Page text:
Tuesday, 1 August 2017


Telling a good story is hard to do.  So often, humans get "inventive" and find a story where there isn't one.  Digestible, compelling, dramatic, the more bullshit the better...  In my raft guiding days, stories were important; good stories got you good tips and a Welshman by the name of Dirty Tim was our resident master tale slinger.  The more tall tales Tim slung, the more money he made while the rest of us guides kicked dirt beside the river and watched the procession of guests slap another finski into Dirty Tim's dirty palm.  Anyway, I don't love the modern media approach to storytelling and the fact that if you want to share your experiences with people, you need a "story."  In the timeless words of Homer Simpson "It's just a bunch of stuff that happened."  So here is some of the stuff that happened this spring.

Colombia:  Coffee anyone?  Locals brew coffee more like tea and imbibe this Tinto all day long.

Climbing on the Mesa de los Santos.  Thanks to Netflix, we expected a stressful Cartel style experience but the vibe could not have been more tranquillo.

We went to the opposite side of the Mesa and flew into Canyon de Chicamocha, the Earth's second largest Canyon.

     Next up, the mysterious Mavecure Hills.  Cosmique, barely begins to describe this place.

                              You could really feel the Buena Onda from the hill people.

                                                          Petroglyphs are my favorite!!!

                                      Flying from mythical domes is a close second...

                             Climbing onto giant a waffle iron from the jungle ranks third.

I've never loved fishing, but I love to eat the fish.  This Barracuda-type thing, literally jumped into our canoe and to defend myself (?!) I delivered a fatal blow with my paddle.  Sorry buddy... I never got to taste this little guy, he was in the soup and down the hatch before we got home.  Fishing, is likely how story telling began.

Or was it from mountain climbing?

                              Colombia is quite a place:  Bogota street art is next level!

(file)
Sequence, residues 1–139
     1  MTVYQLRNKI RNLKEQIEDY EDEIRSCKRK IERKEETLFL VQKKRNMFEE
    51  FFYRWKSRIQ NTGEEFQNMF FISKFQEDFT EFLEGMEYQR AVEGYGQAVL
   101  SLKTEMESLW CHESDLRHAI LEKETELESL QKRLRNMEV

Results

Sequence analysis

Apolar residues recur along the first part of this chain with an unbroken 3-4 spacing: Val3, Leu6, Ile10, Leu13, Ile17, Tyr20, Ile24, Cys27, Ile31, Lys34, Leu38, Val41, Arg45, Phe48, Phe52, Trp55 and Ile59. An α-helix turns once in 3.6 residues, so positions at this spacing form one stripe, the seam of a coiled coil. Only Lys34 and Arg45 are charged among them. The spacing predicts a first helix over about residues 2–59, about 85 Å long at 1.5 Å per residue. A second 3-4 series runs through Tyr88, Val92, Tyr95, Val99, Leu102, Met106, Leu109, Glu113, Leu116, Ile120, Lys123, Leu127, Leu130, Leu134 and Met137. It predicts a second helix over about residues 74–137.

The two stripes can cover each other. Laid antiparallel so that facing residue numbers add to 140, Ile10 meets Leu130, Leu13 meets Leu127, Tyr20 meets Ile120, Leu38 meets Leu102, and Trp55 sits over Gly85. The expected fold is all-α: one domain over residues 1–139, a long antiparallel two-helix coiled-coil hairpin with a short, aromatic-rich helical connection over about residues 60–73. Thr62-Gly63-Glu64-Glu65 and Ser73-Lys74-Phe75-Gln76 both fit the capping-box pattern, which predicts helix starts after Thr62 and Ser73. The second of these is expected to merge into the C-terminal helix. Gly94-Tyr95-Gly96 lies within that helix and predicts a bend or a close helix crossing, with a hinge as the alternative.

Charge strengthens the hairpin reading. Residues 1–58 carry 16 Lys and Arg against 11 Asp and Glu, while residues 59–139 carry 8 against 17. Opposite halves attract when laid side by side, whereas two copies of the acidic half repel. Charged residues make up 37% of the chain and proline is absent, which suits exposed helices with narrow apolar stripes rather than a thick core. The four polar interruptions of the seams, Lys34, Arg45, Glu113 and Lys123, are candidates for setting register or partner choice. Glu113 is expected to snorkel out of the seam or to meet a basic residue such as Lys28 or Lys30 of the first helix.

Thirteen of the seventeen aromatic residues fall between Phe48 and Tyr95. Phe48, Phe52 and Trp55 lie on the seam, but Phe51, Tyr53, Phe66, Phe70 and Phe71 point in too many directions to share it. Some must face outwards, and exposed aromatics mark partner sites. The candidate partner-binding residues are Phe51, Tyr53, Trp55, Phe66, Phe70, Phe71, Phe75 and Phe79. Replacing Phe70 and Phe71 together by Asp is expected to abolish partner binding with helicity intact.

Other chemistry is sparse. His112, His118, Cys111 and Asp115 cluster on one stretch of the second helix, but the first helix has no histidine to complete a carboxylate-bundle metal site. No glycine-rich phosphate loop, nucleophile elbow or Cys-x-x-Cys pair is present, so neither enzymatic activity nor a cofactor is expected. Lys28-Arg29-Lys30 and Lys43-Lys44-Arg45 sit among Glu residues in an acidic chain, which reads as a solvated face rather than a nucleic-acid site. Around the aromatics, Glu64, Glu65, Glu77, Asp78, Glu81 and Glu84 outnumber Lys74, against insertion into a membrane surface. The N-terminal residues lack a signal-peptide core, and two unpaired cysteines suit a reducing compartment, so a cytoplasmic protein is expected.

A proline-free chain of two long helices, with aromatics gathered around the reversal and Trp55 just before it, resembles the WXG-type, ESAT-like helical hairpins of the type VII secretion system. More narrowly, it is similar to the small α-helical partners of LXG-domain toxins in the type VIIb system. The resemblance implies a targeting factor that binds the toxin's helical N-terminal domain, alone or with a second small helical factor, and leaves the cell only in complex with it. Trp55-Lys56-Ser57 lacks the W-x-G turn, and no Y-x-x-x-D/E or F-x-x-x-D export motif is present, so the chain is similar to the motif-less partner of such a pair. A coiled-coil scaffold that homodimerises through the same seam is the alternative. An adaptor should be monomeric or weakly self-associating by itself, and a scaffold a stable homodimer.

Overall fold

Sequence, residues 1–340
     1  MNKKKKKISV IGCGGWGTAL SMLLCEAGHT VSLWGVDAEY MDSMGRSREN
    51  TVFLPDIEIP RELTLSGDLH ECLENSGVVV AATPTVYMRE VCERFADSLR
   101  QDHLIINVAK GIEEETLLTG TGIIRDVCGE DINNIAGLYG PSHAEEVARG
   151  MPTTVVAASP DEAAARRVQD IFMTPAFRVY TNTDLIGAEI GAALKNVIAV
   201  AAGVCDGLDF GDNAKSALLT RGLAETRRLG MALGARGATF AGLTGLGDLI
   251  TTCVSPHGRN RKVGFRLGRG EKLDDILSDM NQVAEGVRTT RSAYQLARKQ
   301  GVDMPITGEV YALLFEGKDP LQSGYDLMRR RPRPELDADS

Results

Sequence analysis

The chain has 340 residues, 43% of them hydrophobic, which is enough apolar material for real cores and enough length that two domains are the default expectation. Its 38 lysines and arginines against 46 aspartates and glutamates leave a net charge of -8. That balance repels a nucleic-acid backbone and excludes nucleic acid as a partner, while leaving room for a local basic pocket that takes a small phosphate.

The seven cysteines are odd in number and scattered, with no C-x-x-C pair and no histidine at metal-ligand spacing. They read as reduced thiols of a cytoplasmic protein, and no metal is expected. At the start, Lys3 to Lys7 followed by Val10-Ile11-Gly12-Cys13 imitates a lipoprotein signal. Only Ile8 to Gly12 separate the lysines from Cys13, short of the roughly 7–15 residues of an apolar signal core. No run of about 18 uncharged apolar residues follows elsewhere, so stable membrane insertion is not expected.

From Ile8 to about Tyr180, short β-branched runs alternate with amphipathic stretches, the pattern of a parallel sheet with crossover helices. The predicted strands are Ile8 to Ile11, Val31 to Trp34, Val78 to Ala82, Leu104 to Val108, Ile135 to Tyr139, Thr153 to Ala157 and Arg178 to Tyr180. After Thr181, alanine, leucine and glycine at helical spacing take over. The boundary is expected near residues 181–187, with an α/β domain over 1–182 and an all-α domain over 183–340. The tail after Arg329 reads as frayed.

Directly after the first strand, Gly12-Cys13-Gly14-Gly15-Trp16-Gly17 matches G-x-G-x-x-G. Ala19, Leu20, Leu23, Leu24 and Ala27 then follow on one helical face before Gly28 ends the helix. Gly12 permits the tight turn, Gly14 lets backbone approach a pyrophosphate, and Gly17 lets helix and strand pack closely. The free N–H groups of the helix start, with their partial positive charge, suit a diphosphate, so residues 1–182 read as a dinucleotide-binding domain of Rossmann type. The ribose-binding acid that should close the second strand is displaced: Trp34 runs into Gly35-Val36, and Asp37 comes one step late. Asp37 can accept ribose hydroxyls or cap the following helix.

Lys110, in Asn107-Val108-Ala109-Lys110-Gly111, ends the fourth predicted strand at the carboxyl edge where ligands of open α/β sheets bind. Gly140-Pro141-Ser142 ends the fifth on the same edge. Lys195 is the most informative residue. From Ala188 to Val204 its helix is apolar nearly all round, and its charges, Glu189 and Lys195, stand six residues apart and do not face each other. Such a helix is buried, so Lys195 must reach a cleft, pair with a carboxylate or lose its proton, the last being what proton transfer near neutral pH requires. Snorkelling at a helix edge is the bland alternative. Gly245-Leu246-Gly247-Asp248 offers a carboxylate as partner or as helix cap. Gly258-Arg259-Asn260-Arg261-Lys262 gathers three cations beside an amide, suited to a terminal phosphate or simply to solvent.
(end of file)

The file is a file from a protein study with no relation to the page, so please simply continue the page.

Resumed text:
After Colombia was South Africa.  This photo tells the whole story.

 Climbing with my European friends was not like being on a holiday, rest day activities included: packing for the next mish, ferrying a load to the base of the wall or more commonly, climbing.

                              The crew halfway up the wall at a commodious bivi

                        We opened a new route on a big cliff made of Quartzite, the stone of Kings.

Rock quality, check!  After sending this pitch, Seppi yelled down:  "Paul, I feel naa-sing"  Slighlty confused, I though my friend had morphed into the achetypal German nihilist.  What he really was trying to convey was that he got threshold pumped.

This is Hilton Davies, he's the nicest man in Capetown, a South African climbing pioneer with more psyche than I had at 18, and more good stories than most will accrue in a lifetime.

                  Most of this country is made of Quartzite but at Paarl Rocks it's pure Granite.

This zone has never been in vogue compared to say, Rocklands, but no instagram = no worries, you'll have this enchanted place to yourself.   As you enjoy the incredible freeclimbing here, remember, Nelson Mandela served several years of his 27 year prison term in the nearby village, just for being a brother.  Slightly tougher than the Dawn Wall I imagine.

                  Never miss a chance to fly from a granite dome...Thank you Mama Africa!

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